How successful was our search for the Big 5 on this safari?
Our total score was 3 out of 5! I call that a successful safari. In addition to these beasts, we saw plenty of other animals. The Pilanesberg National Park is home to over 300 species of birds and 65 species of reptiles (thank god we didn’t see any of those!) as well as the bigger animals. We saw quite a few other animals throughout the day, including Bush Pig, Warthogs and even dung beetles.
We also encountered Wildebeest:
So many Zebras
We absolutely loved our safari day with Felleng Tours. Very highly recommended. The price was just about $160 per person and it was well worth it for the convenience and personal touch. It has left us wanting more safari adventures. Not just in S. Africa, but in Namibia, Kenya, Tanzania. You name it! :-) . I hope we get to revisit this lovely place soon. After the somewhat emotional day at the museum, this was a nice way to end our trip.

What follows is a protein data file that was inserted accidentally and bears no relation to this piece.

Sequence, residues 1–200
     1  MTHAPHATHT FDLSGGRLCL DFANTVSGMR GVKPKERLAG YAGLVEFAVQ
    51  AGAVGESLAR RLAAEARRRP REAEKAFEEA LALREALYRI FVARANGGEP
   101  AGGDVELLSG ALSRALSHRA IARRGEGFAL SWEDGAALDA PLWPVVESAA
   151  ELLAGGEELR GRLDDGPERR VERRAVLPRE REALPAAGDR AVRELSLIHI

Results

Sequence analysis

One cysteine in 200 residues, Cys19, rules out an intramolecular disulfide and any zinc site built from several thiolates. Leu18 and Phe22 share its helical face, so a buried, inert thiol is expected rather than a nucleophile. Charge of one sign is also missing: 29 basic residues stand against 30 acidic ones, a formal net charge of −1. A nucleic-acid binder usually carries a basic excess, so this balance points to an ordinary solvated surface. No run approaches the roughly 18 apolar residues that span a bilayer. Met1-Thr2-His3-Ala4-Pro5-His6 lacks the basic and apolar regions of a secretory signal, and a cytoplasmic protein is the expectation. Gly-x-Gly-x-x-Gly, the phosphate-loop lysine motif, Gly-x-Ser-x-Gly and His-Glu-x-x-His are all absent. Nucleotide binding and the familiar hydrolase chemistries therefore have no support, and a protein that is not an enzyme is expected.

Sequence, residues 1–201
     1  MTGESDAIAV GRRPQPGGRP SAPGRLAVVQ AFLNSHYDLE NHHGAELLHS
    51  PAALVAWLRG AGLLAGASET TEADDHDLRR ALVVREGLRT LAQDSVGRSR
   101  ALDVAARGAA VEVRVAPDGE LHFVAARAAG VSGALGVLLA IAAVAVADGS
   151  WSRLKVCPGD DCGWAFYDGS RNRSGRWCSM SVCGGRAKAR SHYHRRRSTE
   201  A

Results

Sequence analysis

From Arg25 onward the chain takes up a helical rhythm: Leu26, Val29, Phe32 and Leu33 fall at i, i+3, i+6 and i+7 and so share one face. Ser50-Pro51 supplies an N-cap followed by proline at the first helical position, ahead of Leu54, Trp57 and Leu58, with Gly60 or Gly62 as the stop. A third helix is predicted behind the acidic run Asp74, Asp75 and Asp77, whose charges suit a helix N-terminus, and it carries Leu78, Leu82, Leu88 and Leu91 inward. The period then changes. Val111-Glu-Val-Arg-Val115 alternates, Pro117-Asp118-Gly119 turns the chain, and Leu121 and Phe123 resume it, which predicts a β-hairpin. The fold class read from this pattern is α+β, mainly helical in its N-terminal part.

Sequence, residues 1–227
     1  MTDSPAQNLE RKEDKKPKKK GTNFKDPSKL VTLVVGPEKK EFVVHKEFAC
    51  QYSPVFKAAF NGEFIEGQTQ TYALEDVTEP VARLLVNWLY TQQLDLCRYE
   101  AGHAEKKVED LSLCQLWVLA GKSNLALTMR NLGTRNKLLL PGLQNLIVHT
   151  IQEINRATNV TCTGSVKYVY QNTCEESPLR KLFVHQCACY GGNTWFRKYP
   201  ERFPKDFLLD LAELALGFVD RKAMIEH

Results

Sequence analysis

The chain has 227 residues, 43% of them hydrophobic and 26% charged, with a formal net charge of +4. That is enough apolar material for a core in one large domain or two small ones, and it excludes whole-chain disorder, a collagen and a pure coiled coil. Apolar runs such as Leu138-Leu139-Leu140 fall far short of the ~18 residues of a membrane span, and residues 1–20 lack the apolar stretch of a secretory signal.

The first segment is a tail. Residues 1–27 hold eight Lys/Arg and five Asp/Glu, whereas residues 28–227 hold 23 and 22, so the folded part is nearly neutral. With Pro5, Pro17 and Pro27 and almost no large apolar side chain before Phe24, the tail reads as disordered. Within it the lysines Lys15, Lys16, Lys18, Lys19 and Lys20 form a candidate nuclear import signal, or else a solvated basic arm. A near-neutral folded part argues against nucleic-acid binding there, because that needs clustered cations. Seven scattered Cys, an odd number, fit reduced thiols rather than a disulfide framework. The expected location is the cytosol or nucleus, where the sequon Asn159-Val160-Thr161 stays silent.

Things to remember on a safari: (Top tips for safari game hunting)
- Don’t be a schmuck! Give the animals wide berth, you are in their territory.
- Don’t leave your vehicle except for designated areas
- Keep to the speed limit.
- No littering
- Take plenty of water
- Wear a hat and sunscreen if it’s hot
- Keep noise to a minimum
Pin it for later:
Have you ever been on a safari? If yes, did you enjoy it as much as we did. If not, is it something that you would like to do at some point?